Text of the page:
Canadian Conference of the Arts closing after 67 Years
October 30, 2012
OTTAWA - The Canadian Conference of the Arts (CCA), the largest national alliance of the arts, culture and heritage sectors across Canada, says government funding cuts have forced it to begin winding down its operations immediately.
Founded in 1945 by a group of eminent artists, including painters Lawren S. Harris, of the Group of Seven, and André Biéler, the CCA has the mandate in the Canadian cultural sector of promoting the interests of Canadian artists and of the cultural sector at large at the federal level, and of providing a national forum where issues of common interest can be discussed and pursued.
The CCA says the organization has been associated with all major cultural policy developments at the federal level, from the creation of the Canada Council for the Arts in 1957 to the UNESCO Convention on the Protection and Promotion of the Diversity of Cultural Expressions in 2005
The alliance became aware of the Harper government’s intention to put an end to 47 years of funding a year and a half ago. The CCA informed the Department of Canadian Heritage that it wanted to transform the CCA into a financially autonomous organization, but would require a minimum of two years of transitional funding to implement a new business model.
The CCA held a series of nation-wide public and private consultations and says it received unequivocal support for the relevance of its mandate and developed a comprehensive and ambitious 2012–2017 Business Plan. However, in mid-April, the CCA was informed that the government had limited its assistance to six months of funding which it called “clearly an enormous hurdle for the organization to overcome.”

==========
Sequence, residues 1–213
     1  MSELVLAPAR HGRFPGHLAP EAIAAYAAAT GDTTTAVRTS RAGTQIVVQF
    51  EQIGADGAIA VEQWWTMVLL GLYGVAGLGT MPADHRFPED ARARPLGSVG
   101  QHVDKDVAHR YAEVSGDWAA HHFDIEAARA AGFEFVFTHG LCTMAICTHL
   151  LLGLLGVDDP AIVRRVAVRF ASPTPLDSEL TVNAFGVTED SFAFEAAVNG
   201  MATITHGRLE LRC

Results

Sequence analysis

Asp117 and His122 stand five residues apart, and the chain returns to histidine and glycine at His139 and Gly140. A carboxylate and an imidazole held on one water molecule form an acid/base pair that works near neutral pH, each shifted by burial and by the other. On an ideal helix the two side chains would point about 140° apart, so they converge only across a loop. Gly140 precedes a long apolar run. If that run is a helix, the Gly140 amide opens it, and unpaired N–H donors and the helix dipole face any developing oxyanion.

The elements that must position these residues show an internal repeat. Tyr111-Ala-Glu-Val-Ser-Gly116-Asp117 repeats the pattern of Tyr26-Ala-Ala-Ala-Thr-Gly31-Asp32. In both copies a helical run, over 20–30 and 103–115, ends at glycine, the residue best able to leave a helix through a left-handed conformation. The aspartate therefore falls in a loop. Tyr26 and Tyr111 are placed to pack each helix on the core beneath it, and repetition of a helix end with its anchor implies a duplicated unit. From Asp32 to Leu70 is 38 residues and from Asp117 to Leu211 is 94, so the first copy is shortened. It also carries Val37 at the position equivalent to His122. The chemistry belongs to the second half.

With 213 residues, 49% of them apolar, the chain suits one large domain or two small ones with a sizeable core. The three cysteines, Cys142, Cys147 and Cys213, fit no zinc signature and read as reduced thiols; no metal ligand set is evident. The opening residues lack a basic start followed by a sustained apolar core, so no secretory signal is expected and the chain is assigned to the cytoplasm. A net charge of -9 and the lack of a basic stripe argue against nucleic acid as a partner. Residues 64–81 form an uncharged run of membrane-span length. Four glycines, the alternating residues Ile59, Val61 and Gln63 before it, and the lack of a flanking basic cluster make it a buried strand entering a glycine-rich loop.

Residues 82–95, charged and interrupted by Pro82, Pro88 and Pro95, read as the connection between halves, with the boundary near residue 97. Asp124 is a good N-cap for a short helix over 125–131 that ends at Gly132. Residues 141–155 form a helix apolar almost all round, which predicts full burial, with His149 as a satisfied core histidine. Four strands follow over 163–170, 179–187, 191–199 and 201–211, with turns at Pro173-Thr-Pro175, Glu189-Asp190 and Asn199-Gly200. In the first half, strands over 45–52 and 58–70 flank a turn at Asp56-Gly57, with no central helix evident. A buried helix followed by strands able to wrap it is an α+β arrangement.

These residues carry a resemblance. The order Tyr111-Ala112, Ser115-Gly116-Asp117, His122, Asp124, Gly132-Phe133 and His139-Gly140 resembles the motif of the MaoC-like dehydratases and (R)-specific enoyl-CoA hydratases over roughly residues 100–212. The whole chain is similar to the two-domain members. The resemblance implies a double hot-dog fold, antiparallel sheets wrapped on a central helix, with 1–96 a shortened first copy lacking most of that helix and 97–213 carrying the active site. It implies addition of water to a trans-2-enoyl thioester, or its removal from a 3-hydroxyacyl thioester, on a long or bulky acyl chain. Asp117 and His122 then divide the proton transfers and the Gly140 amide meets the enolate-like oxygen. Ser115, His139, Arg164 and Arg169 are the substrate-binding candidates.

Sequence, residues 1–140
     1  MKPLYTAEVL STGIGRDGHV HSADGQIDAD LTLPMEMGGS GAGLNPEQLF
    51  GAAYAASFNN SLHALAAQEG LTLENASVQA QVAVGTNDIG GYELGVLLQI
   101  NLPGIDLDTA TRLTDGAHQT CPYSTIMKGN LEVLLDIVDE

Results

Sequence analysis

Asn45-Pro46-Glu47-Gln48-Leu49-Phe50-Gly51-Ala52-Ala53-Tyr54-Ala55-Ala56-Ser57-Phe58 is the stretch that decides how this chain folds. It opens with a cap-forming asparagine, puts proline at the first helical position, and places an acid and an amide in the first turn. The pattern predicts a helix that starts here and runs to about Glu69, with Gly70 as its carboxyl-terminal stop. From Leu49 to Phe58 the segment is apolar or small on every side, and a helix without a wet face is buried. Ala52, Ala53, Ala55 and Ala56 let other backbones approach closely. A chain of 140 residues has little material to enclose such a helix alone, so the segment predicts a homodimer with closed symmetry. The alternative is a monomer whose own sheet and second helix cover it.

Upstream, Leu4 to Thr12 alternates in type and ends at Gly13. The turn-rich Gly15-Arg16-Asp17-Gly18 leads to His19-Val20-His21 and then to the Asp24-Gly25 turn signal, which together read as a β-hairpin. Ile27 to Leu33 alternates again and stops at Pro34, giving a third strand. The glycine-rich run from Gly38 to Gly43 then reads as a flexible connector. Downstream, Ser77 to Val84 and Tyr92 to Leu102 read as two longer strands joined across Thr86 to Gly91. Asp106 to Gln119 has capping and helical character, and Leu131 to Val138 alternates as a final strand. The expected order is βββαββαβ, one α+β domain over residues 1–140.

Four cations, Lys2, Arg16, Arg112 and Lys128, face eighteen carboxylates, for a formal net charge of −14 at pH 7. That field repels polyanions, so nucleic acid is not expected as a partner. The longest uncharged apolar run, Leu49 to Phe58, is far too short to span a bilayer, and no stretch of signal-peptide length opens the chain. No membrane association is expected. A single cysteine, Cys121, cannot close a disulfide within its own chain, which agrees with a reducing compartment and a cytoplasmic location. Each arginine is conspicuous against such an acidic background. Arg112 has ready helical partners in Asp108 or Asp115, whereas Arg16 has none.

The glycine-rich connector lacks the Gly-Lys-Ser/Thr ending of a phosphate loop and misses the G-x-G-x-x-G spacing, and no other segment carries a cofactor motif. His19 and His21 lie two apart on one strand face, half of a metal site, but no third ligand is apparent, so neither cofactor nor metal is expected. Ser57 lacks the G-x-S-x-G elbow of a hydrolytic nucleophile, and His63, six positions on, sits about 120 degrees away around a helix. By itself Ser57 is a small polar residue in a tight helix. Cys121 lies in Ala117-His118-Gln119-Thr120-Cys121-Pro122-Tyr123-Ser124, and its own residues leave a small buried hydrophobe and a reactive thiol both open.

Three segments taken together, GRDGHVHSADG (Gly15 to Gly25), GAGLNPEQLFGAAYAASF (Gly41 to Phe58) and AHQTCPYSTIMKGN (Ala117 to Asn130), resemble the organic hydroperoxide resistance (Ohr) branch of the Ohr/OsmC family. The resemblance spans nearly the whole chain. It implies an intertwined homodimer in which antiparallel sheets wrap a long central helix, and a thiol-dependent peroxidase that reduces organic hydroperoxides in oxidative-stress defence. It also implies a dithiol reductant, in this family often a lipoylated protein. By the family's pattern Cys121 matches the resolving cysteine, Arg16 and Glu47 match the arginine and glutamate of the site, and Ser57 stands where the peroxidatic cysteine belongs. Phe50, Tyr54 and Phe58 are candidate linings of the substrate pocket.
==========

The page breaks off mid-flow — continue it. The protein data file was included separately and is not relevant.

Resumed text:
Despite considerable efforts and early positive results, the Board of Governors of the CCA has come to the conclusion that it is impossible to achieve the objectives of the new business model in less than two years. The Board considers that it would be irresponsible to risk the money generously offered to the CCA so far: it has therefore decided to cease operations immediately and to put the organization in a state of suspension, “in the hope that in the not too distant future others will pick up the torch and re-launch this unique instrument for the good of the Canadian cultural sector.”
“The CCA leaves a proud legacy. I would like to congratulate the Board and staff for their rigorous and aggressive approach to implement and sustain a new business model. Despite our best efforts, transitional support of six months was not enough and we have simply run out of time to develop new revenue streams. But we depart knowing we planned well for such an outcome,” says CCA Chair Kathleen Sharpe.
“The past seven years have been the most challenging and exciting ones of my professional life. This was not the way I was hoping to end my time with the CCA, but I leave knowing that all of us at the Secretariat have given everything we had to make this transition a success. I can only hope that someone else will pick up the challenge. The Canadian cultural sector needs and deserves a CCA if it is to be effective and thrive,” added National Director Alain Pineau.
The CCA will be leaving behind a legacy of research, archives and projects. A message to members on the closure, from both Alain Pineau and Kathleen Sharpe, is available on the CCA’s website.